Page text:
Part II: Shooting Stock with Model

If you missed out on Part I: Shooting Stock With a Model, here’s the link.

I had another opportunity to shoot this handsome young dude, this time in the bohemian Navigli area of Milan. It’s kinda like Shoreditch in London or Marais in Paris. There’s a basin with some restaurants / bars lined up next to the canals. This is where the Milanese come to hang on evenings to enjoy an aperitivo.

navigli busy-2

Anyway, another evening shooting and this time shooting at golden hour, which produced some better lighting conditions than the previous shoot.

I’m still new to working with models as most of my work is more spontaneous, but  enjoying the experience nevertheless. Enough talk, here’s a selection of my best shots from the evening.

Cool as a cucumber

Young man in Navigli, Milan-3
Cool guy with the canal backdrop. As always, include plenty of copy space and I’ve done well to direct him to look into the open space

Above, genuine smiles all around, which you can tell by the eyes. Contrast these two images with the one below of a plastic studio smile.  What buyers want are genuine emotions, people! If there’s one thing you should take out of this post is to try to get the model to appear genuine…in this case, I cracked a few jokes and tried to make him laugh!


Using technology to add value

Next, I combined technology with the setting which adds commercial value to these images making it more versatile. My mistake was not asking the model to bring a plain white t-shirt as I had to clone out the design and any other logos in order for it to be accepted, which took time. I also had to clone out his tattoos as they bizarrely need a property release from the tattoo artist. Who makes up these rules?

This one I submitted as an editorial because I think the t-shirt and backdrop make it quite interesting if you know what I mean 😉
A cool shot of him going/coming back from the gym with the Milan backdrop. A premium strong shot and was not easy since it was a moment in the break of traffic but I managed to get the focus right and blurred out the background using my F1.8 50mm prime lens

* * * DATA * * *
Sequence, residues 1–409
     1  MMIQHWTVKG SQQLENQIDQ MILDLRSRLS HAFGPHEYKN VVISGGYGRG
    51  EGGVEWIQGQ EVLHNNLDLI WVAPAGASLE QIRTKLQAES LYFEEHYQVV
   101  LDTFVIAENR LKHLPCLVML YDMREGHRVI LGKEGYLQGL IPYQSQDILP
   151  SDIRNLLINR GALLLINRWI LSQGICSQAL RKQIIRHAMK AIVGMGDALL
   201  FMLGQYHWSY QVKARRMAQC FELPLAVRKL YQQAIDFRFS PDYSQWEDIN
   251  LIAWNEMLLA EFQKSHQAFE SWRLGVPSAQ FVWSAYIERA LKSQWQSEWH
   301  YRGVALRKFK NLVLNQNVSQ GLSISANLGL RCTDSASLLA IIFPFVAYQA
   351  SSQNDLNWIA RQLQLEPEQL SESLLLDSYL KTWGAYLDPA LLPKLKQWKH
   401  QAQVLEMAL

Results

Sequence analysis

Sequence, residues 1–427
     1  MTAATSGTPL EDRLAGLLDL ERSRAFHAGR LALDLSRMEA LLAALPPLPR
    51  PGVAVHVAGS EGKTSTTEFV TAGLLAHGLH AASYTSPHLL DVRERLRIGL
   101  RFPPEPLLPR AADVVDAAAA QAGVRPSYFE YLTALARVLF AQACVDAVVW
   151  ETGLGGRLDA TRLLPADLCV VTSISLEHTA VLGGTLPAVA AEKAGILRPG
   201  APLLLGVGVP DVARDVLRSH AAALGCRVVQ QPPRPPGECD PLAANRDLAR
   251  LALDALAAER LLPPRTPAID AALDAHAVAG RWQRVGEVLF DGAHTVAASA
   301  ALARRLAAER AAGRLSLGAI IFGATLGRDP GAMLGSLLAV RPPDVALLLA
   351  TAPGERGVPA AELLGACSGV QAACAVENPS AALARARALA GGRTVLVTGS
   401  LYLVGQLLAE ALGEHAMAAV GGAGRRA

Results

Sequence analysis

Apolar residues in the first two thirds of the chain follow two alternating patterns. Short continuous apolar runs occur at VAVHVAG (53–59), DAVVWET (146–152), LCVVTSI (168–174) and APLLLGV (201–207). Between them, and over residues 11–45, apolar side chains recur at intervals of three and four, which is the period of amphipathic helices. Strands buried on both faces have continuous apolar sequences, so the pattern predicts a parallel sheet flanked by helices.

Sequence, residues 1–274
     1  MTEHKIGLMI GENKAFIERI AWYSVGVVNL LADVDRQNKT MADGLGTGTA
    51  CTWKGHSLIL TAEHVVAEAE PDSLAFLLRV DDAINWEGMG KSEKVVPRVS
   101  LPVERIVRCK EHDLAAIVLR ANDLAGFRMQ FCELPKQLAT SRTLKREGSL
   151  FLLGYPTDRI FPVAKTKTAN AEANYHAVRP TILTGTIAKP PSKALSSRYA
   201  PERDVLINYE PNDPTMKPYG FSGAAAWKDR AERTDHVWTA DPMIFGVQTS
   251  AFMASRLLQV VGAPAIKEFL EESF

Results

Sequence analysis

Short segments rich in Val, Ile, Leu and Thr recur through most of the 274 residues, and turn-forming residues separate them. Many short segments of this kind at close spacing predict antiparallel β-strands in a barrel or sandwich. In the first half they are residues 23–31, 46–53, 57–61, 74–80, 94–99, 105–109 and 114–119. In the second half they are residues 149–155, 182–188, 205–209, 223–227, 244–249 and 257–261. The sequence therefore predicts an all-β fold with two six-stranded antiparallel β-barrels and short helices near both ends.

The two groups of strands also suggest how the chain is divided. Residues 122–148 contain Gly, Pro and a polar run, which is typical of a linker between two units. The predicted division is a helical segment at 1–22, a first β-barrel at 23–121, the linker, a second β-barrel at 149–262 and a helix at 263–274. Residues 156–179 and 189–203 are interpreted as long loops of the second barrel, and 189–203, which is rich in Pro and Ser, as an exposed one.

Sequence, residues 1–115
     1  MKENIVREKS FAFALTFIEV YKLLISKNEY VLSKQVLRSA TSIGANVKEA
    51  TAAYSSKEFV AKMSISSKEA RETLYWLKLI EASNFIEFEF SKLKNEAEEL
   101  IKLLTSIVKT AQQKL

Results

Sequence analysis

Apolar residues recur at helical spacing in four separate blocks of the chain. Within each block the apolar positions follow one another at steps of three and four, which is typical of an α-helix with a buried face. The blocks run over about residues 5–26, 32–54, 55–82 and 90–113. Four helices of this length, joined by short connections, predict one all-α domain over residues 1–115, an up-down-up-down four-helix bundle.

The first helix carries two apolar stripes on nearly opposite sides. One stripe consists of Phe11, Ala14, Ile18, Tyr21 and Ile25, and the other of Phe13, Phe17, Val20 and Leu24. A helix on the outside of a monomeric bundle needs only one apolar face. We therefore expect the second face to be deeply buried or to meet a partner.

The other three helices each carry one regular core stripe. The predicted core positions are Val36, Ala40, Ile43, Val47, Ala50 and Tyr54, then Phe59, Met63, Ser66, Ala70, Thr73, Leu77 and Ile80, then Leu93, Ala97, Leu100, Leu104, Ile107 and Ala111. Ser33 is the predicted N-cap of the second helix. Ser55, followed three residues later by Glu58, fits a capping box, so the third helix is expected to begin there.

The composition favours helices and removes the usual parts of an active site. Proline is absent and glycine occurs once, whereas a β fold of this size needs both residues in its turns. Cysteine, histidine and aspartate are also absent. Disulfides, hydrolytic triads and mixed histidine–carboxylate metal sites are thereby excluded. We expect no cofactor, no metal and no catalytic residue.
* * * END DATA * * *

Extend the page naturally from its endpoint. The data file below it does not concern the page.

Unfortunately this shot won’t be able to be uploaded due to the graffiti in the background as Shutterstock has an anti-graffiti policy for both commercial and editorial images (unless a release is available)

Some fine art

As always, I managed to capture some fine art images of the 1920s trams.

View of old yellow tram in Milan, italy

Hope you enjoyed the images and learned something for your next photo shoot! I’ll keep you updated on how these do on both Shutterstock and Fotolia.

Until next time.


Author of the Brutally Honest Guide to Microstock Photography, to purchase a copy of the book, click on this link.


  1. That lead photo is very strong!

    I understand the tattoo policy – they are artists and their work deserves to be protected – but I’ve always wondered about the graffiti policy. Are these vandals seriously going to come forward and claim copyright?

    I’ve had several promising stock photos rejected because of graffiti on rail cars. I don’t know how bad it is in Europe but in North America it is rare to have a rail car without graffiti on it. It takes a lot of cloning to get it stock ready!

    Liked by 1 person

    • Yeah, same here…graffiti everywhere, some of it is quite artistic. Fair enough that they shouldn’t be allowed for commercial purposes but editorial???

      Next time I’ll have to ask the model to leave his tattoos at home 😀


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